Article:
It is known that type 2 diabetes is a big risk factor of heart disease. People with this condition are more likely to suffer heart attacks.
In a new study, researchers found that high-intensity exercise can help protect heart functions in people with type 2 diabetes.
In diabetic patients, the loss of heart functions caused by diabetes can be reduced or reversed.
The research was conducted by a team from the University of Otago.
In the study, the team focused on high-intensity interval training.
It involves short intervals of near maximal effort (>90 percent maximum) exercise like sprinting or stair climbing, separated by intervals of lower intensity exercise such as jogging and fast walking.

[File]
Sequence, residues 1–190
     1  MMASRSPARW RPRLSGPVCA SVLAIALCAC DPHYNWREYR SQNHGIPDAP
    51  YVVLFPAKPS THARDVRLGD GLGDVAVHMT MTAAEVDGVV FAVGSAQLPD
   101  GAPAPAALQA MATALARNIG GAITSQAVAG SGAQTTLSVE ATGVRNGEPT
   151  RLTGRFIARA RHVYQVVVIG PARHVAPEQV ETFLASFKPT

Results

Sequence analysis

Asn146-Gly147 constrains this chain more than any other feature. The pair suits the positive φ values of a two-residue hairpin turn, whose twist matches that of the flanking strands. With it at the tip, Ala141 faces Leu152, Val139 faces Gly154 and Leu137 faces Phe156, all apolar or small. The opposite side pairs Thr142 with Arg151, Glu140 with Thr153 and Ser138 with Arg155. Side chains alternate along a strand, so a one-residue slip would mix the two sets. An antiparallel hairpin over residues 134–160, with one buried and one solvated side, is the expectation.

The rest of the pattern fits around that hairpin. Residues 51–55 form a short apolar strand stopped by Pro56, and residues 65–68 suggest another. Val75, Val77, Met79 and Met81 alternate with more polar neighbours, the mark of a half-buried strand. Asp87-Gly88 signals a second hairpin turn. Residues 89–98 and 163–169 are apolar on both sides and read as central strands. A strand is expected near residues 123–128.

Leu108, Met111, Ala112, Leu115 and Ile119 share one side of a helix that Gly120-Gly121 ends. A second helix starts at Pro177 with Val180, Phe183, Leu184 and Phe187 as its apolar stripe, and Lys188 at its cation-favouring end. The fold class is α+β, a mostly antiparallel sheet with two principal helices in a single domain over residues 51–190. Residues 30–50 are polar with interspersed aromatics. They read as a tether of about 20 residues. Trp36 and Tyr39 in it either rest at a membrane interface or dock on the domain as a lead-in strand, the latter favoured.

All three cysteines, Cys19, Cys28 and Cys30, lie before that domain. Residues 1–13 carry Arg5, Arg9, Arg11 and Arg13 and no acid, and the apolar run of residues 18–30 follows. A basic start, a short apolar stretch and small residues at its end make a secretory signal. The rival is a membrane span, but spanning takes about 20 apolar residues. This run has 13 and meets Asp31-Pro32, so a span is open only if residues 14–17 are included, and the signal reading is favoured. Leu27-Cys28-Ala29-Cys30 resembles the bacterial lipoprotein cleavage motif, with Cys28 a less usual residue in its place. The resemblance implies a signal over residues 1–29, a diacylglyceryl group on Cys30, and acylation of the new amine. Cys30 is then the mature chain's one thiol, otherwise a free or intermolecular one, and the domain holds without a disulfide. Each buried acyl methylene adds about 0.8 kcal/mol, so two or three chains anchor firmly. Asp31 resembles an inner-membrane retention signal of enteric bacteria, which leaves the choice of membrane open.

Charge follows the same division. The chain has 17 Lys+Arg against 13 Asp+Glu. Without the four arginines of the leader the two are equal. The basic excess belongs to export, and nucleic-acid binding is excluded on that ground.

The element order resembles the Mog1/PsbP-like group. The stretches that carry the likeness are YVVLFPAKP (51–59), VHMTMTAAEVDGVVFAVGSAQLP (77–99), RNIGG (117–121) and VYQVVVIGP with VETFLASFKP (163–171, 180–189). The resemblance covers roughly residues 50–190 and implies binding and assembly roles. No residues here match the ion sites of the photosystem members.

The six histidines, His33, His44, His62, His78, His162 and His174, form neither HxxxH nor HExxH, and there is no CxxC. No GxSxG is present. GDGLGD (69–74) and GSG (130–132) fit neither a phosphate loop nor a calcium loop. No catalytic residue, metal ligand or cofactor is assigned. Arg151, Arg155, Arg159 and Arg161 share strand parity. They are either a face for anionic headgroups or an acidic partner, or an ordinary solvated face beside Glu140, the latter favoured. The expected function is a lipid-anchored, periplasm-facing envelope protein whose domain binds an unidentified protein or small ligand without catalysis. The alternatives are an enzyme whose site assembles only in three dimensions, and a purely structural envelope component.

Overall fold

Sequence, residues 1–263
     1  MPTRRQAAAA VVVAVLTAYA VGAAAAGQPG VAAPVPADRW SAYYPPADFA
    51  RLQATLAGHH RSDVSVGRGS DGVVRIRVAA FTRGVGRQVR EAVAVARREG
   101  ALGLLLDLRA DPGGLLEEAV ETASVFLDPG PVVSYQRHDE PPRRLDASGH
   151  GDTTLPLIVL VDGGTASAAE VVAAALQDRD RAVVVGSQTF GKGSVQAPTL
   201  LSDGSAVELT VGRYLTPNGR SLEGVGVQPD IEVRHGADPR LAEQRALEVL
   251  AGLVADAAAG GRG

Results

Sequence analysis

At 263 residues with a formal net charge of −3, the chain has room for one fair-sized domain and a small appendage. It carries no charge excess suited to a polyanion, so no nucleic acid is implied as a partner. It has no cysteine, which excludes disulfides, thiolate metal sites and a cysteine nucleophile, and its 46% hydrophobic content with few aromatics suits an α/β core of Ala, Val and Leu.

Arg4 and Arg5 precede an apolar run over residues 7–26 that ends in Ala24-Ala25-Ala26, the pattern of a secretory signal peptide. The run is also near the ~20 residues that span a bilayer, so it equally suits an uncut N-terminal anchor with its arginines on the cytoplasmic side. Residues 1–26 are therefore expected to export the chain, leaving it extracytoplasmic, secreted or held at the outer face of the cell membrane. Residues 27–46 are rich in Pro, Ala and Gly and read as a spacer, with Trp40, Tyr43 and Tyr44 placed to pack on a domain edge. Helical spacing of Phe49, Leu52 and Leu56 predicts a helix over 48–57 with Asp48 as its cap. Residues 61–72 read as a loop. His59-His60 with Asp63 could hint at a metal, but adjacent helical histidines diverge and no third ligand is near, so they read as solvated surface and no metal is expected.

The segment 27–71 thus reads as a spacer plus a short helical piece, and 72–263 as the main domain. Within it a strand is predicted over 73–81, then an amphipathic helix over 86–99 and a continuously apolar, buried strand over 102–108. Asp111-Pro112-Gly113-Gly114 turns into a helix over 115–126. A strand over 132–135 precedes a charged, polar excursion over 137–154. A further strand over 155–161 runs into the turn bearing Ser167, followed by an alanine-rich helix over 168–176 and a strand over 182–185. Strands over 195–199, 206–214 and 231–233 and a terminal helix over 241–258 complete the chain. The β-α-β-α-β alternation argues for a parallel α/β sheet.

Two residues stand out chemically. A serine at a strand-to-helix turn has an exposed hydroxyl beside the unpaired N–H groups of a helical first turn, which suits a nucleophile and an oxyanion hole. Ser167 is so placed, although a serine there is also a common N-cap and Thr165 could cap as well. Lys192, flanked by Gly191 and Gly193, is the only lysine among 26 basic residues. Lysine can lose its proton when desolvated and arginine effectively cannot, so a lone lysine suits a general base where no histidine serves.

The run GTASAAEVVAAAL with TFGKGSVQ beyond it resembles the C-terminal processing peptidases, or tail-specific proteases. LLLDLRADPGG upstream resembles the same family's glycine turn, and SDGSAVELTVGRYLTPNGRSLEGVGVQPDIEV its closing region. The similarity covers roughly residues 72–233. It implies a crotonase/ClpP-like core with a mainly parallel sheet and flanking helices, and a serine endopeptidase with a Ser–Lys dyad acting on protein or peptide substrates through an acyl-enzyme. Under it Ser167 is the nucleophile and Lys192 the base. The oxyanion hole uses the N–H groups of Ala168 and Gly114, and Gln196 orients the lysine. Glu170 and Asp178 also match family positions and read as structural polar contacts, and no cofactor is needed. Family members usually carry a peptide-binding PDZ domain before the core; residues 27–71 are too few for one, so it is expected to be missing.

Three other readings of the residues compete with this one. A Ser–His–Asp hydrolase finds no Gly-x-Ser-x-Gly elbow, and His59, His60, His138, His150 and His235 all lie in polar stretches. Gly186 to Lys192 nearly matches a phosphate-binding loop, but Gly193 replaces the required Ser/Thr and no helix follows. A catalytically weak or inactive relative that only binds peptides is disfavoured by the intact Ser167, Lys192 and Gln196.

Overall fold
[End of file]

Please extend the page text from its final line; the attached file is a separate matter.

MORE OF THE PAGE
The researchers asked diabetic patients to spend 10 minutes doing very high intensity (vigorous) activity during a 25 minute exercise period.
They found that doing three months of high-intensity interval training could help improve heart function in people with type 2 diabetes without any diet or medication change.
They explain that this type of exercise could improve blood sugar control and reduce heart disease risk.
It is also capable of reversing some heart function loss that seems to precede diabetic heart disease.
The team suggests that the incidence of type 2 diabetes continues to increase and the prolonged management of the disease is crippling healthcare systems worldwide.
High-intensity exercise may be an ideal way to prevent heart disease in people with type 2 diabetes.
It is safe and acceptable and also well-attended. The current study showed a greater than 80% adherence rate over the three months.
The researchers hope the findings can help develop new treatment programs for people with type 2 diabetes.
The lead author of the study is Genevieve Wilson.
The study is published in the American College of Sports Medicine’s journal, Medicine & Science in Sports & Exercise.
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